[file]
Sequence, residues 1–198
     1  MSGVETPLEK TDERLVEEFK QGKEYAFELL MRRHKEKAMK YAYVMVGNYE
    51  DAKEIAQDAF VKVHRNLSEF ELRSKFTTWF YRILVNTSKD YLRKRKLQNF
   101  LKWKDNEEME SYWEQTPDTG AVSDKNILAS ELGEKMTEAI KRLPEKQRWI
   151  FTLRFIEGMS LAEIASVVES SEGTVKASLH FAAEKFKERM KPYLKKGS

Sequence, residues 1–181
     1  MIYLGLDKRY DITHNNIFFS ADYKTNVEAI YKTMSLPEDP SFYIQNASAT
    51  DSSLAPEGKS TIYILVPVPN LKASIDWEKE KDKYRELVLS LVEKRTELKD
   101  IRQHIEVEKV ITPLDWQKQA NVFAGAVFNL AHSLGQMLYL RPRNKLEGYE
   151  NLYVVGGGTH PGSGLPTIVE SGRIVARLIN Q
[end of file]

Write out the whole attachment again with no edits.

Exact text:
Sequence, residues 1–198
     1  MSGVETPLEK TDERLVEEFK QGKEYAFELL MRRHKEKAMK YAYVMVGNYE
    51  DAKEIAQDAF VKVHRNLSEF ELRSKFTTWF YRILVNTSKD YLRKRKLQNF
   101  LKWKDNEEME SYWEQTPDTG AVSDKNILAS ELGEKMTEAI KRLPEKQRWI
   151  FTLRFIEGMS LAEIASVVES SEGTVKASLH FAAEKFKERM KPYLKKGS

Sequence, residues 1–181
     1  MIYLGLDKRY DITHNNIFFS ADYKTNVEAI YKTMSLPEDP SFYIQNASAT
    51  DSSLAPEGKS TIYILVPVPN LKASIDWEKE KDKYRELVLS LVEKRTELKD
   101  IRQHIEVEKV ITPLDWQKQA NVFAGAVFNL AHSLGQMLYL RPRNKLEGYE
   151  NLYVVGGGTH PGSGLPTIVE SGRIVARLIN Q